Anna N. Murphy ’12, who identifies as transgender, opts to use single-stalled gender neutral bathrooms to prevent potential confusion in public restrooms.
(Part I of this series appeared May 9. Part III appeared May 13.)
With her flannel shirt and short hair gelled into a stiff side part, it’s hard to identify Anna N. Murphy ’12 as male or female.
Her style is more Goodwill than Urban Outfitters, set off with big belt-buckles and cowboy boots. Some might call her hipster—or hispter-esque at least—but these are political clothes that blur the line between masculine and feminine.
Murphy, a social studies concentrator, identifies as transgender, which means her appearance is more masculine than feminine.
When she arrived at Harvard, Murphy’s dark black hair was long and reached her shoulders, but over the course of the past three years, she has cut it shorter and shorter, resulting in a fair bit of confusion—“I’m called ‘sir’ in lecture often,” Murphy says.
Today, it’s become less taboo for individuals like Murphy to blur gender lines. But for Murphy, whose gender-bending appearance breaks from the norm, life comes with a series of choices that box her into the category of male or female, and nowhere is that more true than in that most everyday of actions—going to the restroom.
With simplistic stick figures adorning its doors—a woman in a dress and the outline of a man—the public bathroom is one of the last remaining institutions that sifts men from women.
And for those who cannot be easily identified by others as a man or woman, entering a single-gender bathroom can come with painful consequences. For that reason, activists have made the increased availability of gender neutral bathrooms one of their top priorities, actively lobbying for restrooms that allow both men and women to enter.
Cameron Partridge pulled over on the highway to use a rest stop bathroom. He crossed the lobby and headed toward a restroom. At the time, Partridge identified as transgender but had yet to transition and therefore did not feel comfortable using the men’s restroom. So as he opened the door to the women’s restroom a man yelled, “Hey buddy—wait!” The man walked over with a dim-witted grin on his face and said to Partridge, “You’re about to go into the ladies room!”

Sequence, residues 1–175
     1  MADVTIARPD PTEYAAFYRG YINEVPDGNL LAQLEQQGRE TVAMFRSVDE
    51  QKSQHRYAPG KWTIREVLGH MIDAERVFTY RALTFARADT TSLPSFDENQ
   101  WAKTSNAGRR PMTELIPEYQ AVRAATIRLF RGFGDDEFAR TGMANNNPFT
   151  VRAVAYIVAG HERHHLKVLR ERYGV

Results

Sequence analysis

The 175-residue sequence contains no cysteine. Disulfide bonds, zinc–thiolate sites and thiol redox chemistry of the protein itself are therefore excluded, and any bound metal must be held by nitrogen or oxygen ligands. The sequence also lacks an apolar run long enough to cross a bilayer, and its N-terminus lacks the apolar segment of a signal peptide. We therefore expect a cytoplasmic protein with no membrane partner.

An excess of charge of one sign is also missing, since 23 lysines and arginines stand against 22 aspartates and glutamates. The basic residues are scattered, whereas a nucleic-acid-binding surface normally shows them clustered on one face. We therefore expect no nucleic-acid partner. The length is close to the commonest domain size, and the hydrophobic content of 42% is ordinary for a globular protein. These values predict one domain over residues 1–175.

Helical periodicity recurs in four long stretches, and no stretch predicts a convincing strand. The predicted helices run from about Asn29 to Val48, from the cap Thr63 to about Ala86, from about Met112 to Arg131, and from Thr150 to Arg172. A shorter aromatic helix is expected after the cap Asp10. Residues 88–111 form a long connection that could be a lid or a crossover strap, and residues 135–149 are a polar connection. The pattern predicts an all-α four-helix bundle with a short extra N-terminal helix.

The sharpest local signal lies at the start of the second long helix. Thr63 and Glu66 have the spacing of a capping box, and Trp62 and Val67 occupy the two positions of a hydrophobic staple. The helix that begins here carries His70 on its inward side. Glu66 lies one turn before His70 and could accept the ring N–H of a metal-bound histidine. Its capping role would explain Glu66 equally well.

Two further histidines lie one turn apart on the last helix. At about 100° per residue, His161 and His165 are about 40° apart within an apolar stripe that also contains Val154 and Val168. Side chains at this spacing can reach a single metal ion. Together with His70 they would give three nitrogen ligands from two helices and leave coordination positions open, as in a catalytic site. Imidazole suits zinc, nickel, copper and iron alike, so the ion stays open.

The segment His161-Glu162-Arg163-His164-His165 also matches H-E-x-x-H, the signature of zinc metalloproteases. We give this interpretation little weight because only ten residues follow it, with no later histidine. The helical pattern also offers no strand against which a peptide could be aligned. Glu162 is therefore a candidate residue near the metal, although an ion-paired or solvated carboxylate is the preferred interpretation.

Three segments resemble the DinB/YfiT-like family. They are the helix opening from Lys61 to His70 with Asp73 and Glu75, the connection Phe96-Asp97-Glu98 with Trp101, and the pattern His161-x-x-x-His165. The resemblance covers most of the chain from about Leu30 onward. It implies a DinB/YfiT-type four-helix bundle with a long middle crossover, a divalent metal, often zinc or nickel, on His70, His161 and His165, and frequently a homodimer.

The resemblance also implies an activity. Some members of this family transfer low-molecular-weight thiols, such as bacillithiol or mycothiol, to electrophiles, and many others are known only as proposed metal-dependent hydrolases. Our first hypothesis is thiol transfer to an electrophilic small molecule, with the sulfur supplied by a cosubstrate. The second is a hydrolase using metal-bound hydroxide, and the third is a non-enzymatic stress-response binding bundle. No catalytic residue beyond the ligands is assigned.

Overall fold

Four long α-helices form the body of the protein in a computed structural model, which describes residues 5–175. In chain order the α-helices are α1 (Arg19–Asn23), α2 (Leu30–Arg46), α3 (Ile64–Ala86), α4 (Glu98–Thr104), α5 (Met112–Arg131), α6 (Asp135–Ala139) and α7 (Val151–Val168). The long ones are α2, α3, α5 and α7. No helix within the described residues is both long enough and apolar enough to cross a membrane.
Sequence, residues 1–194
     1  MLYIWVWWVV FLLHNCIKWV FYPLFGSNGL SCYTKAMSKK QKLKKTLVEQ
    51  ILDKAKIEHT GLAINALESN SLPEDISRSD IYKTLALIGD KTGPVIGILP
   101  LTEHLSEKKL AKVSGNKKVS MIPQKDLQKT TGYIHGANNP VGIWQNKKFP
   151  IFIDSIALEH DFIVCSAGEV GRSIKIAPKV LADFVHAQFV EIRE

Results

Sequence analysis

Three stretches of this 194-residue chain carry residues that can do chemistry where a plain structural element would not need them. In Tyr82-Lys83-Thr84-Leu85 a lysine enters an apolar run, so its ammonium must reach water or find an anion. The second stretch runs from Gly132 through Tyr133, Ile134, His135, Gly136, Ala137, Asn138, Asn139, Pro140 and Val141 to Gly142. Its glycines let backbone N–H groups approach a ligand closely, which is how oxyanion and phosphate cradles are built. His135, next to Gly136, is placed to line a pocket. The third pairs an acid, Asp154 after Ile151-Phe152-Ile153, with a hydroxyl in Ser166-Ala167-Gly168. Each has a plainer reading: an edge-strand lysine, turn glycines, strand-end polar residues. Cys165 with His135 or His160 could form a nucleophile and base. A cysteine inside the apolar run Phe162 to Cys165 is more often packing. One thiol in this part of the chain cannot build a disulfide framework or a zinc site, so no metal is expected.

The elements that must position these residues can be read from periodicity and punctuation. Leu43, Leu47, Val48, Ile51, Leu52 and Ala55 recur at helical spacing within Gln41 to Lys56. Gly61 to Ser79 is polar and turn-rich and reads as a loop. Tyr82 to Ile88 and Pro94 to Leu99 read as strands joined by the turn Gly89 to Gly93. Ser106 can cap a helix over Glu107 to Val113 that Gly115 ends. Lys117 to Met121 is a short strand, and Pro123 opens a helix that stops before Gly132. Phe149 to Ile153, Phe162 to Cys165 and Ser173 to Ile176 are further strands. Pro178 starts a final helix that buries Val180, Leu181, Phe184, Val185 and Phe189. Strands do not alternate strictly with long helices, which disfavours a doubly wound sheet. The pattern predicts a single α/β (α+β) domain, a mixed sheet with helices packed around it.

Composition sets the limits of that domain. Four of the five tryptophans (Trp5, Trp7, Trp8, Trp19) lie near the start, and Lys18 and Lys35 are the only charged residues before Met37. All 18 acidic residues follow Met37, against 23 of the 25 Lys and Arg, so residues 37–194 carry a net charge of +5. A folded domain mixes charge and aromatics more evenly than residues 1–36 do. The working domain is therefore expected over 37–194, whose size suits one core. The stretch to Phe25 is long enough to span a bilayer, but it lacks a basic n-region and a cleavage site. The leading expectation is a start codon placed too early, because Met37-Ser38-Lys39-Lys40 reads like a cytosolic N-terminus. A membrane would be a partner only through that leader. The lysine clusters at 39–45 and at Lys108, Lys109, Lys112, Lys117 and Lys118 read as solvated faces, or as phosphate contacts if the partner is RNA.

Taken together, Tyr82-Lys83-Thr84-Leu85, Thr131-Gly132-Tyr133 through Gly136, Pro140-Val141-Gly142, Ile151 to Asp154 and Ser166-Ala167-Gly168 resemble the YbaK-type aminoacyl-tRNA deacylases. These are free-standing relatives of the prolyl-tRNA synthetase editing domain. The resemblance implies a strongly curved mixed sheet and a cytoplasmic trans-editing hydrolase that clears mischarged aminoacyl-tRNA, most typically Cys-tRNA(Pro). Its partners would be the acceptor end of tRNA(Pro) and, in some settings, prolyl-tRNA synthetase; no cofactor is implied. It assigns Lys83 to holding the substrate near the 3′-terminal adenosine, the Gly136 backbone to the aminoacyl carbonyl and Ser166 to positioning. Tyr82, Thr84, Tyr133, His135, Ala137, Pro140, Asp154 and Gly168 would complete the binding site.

Partridge looked at the man dumbfounded, turning words over in his head wondering what to say, and blurted out, “I know.” The man looked at Partridge strangely for a moment, apologized, and walked away.
Several years ago, while studying at the Divinity School, Partridge medically transitioned from female to male, but before that procedure he had a few uncomfortable experiences using women’s restrooms like the one at the rest stop. Now Partridge is a lecturer the Women, Gender, and Sexuality Department and at the Divinity School and says that while he doesn’t feel “traumatized” by these bathroom encounters, he appreciates—and has taken advantage of—the considerable number of single stall bathrooms that are available on the Divinity School’s campus.
It is practical considerations like these that lie at the heart of the movement for gender neutral bathrooms. The effort seeks to minimize the uncomfortable encounters, confrontations, and tensions that can arise when other individuals misread a trans person’s identity.
“So many people I know, including many women who are not trans-identified but whose gender presentation to some degree transgresses the gender norms of their context, have had the experience of being asked if they are in the ‘right bathroom’ or told they are in the ‘wrong’ one,” Partridge writes in an e-mail.
So as she walks around campus during her daily routine, Murphy has to be constantly aware of where the nearest single stall or gender neutral bathroom is located. And until gender neutral bathrooms become widely available, trans identified individuals will continue to have to structure their days around finding a comfortable place to do their everyday business.